South Korea Celebrates Buddha’s Birthday with Famous Parade
South Korea Celebrates Buddha’s Birthday with Famous Parade
Lanterns bearing the Wan symbol, the symbol of the Buddha, are carried through the streets of Seoul in the Lotus Lantern Parade. (Jarrod Hall/The Epoch Times)

Lanterns bearing the Wan symbol, the symbol of the Buddha, are carried through the streets of Seoul in the Lotus Lantern Parade. (Jarrod Hall/The Epoch Times)

A woman stops to admire the display of paper lanterns at Jogyesa Temple on May 4th. (Jarrod Hall/The Epoch Times)

A woman stops to admire the display of paper lanterns at Jogyesa Temple on May 4th. (Jarrod Hall/The Epoch Times)

Students volunteers prepare paper lanterns for the Lotus Lantern Parade at Dongguk University on May 8, three days before the event. Dongguk University is the oldest Buddhist University in Korea. (Jarrod Hall/The Epoch Times)

Students volunteers prepare paper lanterns for the Lotus Lantern Parade at Dongguk University on May 8, three days before the event. Dongguk University is the oldest Buddhist University in Korea. (Jarrod Hall/The Epoch Times)

Korean Buddhists dance and cheer at a pre-parade rally held at Dongguk University in downtown Seoul. Buddhists from around the country gathered here on the afternoon of the parade. (Jarrod Hall/The Epoch Times)

Korean Buddhists dance and cheer at a pre-parade rally held at Dongguk University in downtown Seoul. Buddhists from around the country gathered here on the afternoon of the parade. (Jarrod Hall/The Epoch Times)

Paper lanterns wait to be collected and lit at the Buddhist Rally in Dongguk University. In the weeks and months leading up to the event, Buddhist communities around the country make colorful lanterns to represent their temple in the Lotus Lantern Parade. (Jarrod Hall/The Epoch Times)

Paper lanterns wait to be collected and lit at the Buddhist Rally in Dongguk University. In the weeks and months leading up to the event, Buddhist communities around the country make colorful lanterns to represent their temple in the Lotus Lantern Parade. (Jarrod Hall/The Epoch Times)

Believers and visitors gather around the main Buddha statue at Jogye Temple in downtown Seoul. Jogye Temple was originally founded in 1395, and is the chief temple of the Jogye School of Buddhism. (Jarrod Hall/The Epoch Times)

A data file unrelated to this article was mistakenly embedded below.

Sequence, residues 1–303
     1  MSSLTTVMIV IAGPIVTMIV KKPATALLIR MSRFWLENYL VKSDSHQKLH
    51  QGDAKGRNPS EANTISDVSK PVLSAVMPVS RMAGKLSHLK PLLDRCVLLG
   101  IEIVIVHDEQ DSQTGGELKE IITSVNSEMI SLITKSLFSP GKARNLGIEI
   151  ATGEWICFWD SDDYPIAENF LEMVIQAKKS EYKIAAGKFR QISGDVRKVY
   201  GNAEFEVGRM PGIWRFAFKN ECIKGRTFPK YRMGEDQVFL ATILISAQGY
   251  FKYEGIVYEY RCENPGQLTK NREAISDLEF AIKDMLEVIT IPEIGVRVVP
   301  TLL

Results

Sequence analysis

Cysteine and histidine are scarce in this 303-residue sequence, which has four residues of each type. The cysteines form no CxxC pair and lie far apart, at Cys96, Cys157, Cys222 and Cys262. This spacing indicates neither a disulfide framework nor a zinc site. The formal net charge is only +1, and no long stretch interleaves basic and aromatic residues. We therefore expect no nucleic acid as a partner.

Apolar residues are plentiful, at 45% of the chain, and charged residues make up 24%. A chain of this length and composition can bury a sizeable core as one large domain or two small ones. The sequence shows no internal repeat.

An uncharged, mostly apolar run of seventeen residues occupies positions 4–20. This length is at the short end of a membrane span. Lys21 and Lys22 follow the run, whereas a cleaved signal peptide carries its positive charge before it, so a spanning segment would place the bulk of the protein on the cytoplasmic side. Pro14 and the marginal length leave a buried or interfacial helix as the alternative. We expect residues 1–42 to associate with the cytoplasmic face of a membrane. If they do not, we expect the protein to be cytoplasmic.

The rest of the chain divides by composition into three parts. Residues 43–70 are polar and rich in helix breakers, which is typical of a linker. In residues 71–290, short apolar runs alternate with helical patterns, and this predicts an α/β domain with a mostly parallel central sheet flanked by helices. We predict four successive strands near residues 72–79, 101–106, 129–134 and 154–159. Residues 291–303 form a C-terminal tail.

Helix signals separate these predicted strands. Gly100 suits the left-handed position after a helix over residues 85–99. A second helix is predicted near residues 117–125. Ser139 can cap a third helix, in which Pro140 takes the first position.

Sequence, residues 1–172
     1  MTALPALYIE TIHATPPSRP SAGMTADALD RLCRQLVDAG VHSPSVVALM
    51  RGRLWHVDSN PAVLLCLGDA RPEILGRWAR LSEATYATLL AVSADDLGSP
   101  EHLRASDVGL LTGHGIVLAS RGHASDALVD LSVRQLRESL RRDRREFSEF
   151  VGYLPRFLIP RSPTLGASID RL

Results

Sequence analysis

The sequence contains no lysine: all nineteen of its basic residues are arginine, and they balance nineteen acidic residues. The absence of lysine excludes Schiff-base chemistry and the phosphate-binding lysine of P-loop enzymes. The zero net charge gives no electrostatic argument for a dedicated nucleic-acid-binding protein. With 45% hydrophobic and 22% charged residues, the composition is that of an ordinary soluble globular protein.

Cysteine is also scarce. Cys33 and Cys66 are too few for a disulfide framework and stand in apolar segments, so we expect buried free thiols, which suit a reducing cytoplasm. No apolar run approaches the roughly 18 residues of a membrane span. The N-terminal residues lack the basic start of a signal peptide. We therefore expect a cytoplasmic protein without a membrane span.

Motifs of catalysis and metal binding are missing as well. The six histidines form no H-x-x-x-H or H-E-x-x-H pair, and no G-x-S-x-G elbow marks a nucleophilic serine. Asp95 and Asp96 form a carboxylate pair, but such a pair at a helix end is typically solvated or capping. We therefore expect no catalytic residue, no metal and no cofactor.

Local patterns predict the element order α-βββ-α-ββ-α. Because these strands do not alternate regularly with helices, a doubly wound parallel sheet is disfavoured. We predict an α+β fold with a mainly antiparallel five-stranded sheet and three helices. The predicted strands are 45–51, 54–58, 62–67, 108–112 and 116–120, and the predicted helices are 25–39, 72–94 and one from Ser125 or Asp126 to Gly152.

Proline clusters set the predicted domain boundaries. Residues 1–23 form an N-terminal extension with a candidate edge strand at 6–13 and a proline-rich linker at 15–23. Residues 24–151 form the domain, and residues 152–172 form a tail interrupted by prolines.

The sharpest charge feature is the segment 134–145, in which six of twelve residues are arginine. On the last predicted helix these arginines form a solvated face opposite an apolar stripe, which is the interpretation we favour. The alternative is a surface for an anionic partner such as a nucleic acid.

Believers and visitors gather around the main Buddha statue at Jogye Temple in downtown Seoul. Jogye Temple was originally founded in 1395, and is the chief temple of the Jogye School of Buddhism. (Jarrod Hall/The Epoch Times)

Giant lanterns in the shape of Buddhas and Buddhist deities are pushed through the streets of Seoul. (Jarrod Hall/The Epoch Times)

Giant lanterns in the shape of Buddhas and Buddhist deities are pushed through the streets of Seoul. (Jarrod Hall/The Epoch Times)

Women dressed in traditional Korean dress, known as Hanbok, carry paper lanterns. (Jarrod Hall/The Epoch Times)

Women dressed in traditional Korean dress, known as Hanbok, carry paper lanterns. (Jarrod Hall/The Epoch Times)

The lanterns in the parade come in many shapes and sizes. (Jarrod Hall/The Epoch Times)

The lanterns in the parade come in many shapes and sizes. (Jarrod Hall/The Epoch Times)

A boy watches the Lotus Lantern Parade from atop his father's shoulders. (Jarrod Hall/The Epoch Times)

A boy watches the Lotus Lantern Parade from atop his father's shoulders. (Jarrod Hall/The Epoch Times)

Lanterns in the shape of Korean letters. (Jarrod Hall/The Epoch Times)

Lanterns in the shape of Korean letters. (Jarrod Hall/The Epoch Times)

On the evening of Saturday May 11, thousands of Korean Buddhists carried paper lanterns through the streets of downtown Seoul. The Lotus Lantern Parade celebrates Korean Buddhist culture and traditions. It’s one of the country’s most popular annual events.

The two and a half hour parade launched the Lotus Lantern festival, which lasts for one week and is held each year in May to mark the birthday of the Buddha. The festival features Buddhist ceremonies, performances of traditional music and ritual dance as well as folk games, temple food and meditation.

“This Buddhist festival is really important to me because I can share Buddhism’s features with others,” said Amy Kim, a university student from Seoul, “It’s not just about belief – I can show other people, this is how we do things…. It makes me feel proud.”

The festival is called Yeondeunghoe in Korean, which literally means “lantern lighting”. The lighting of lanterns to celebrate Buddha’s birthday has been observed in Korea since the Goryeo Dynasty, over 1000 years ago. The lanterns symbolise the light of wisdom.

 

 

 

 

 

 

 

 

 

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